clear that one up right now; they are less happy if they don't get therapy, too. THAT is the apples to apples comparison; if I get therapy and learn to deal with it after a divorce, I'm going to be just as fine as someone who gets therapy and stays IN the marriage.

I am a married man who will always know that another man out there had sex with my wife. 12-18 months from now? I'll still be that person.  I'll just have given her enough time to try and make me comfortable enough with that to stay. And that's a VERY different argument than the one being made here. It doesn't mean you're wrong to posit this, it just means the framework is a little one sided.



Three options

Justin - listen, you've got three options. You have to weigh these out against a lot of things (i.e., children, support systems, family, love). 1. You can stay with her, keeping this resentment, hurt and anger you have now. Go to therapy, read books, stay on websites full of bitter stories. You will simply cling to the marriage and hope that you both will change and grow closer. It's not likely to work. 2. You can leave her now. Yes, she deserves this. Pull off the band aid now and just end it. If you truly don't believe you can recover from this (love her, trust her, respect her) then you'll both be better off apart. You will hurt, but in another way. You will eventually understand your own issues and be okay...but be prepaid for a whole lot of therapy. 3. You can stay...promising yourself that you are going to eventually let go of this. You will have to release the hurt, pain, betrayal and most of all your ego. If you are BOTH committed to surviving together, then make that decision to swallow your pride. Stop seeing her as an enemy or as the awful person who did this to you. Try and understand look at her as a beautiful person who loves you, but made a horrible mistake. Know she will regret this for the rest of her life. But begin to let it go. Inch by inch. Don't let the fight get the best of you. Know that there will be less and less intrusive thoughts. When your ready, forgive her. I've seen so many couple choose #1. They hold on to the relationship, along with the grudge, anger and resentment. In almost every case, they eventually divorce. They should have just acknowledged the truth that they can't love enough to forgive and chosen #2. I'm one of the option 3 people. I don't forgive my wife yet. I have not built back a total trust and respect for her. I'm still hurt and insecure. But I love her enough to work on those things and be committed to making them happen. She is remorseful, contrite and loving enough to hold on even when I push her away. She wants this marriage to survive and is committed to make any amends she can. She wants to hold our family, and our love, together. We are both committed and know that one day this won't hurt as much. It is so much better now that a year ago. It is NOT easy and I still have regular break downs. But we have promised to fight for our marriage. Give it more time and gauge if you feel better now than from D-day. Then from now to three months from now. If you feel better, you know what you should do. Try less venting and resist holding onto that resentment. It will help ease the painful reminders. Acknowledge your sadness. Let your soul relax and you will see the path you are meant to take. We all with you luck in whatever you decide to do.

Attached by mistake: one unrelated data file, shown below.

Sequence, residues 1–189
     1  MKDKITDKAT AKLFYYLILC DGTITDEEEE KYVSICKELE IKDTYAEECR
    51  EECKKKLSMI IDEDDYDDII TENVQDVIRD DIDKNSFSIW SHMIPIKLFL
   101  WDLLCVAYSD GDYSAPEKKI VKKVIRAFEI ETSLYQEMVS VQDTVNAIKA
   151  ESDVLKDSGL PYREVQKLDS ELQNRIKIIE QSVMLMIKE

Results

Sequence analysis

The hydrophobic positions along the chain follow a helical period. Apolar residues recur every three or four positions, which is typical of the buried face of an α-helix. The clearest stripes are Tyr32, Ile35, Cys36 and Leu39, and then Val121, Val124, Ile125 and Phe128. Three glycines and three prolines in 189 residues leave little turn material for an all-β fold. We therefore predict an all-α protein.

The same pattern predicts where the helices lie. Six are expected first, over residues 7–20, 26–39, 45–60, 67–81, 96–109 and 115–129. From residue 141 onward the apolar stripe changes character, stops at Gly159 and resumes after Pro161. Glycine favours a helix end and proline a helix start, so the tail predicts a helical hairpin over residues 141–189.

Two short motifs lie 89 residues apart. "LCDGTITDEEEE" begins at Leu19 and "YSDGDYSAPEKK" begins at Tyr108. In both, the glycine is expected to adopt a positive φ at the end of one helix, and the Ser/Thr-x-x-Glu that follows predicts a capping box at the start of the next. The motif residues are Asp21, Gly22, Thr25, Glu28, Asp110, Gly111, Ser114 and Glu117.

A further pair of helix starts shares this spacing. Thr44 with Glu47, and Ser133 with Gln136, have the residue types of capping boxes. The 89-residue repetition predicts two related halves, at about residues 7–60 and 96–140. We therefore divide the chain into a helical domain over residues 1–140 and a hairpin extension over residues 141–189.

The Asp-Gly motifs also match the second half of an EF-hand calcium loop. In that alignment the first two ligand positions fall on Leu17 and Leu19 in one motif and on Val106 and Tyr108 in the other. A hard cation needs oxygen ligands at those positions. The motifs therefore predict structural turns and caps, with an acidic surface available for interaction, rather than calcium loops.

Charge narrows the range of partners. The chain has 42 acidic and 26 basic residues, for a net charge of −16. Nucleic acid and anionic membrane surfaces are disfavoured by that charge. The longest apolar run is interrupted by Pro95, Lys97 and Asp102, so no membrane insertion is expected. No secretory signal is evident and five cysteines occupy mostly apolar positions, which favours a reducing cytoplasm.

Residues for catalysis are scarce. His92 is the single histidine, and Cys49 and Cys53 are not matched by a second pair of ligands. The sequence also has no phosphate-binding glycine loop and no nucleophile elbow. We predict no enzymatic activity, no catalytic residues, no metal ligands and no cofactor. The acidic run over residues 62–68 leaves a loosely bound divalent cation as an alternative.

I know Brother.  I am not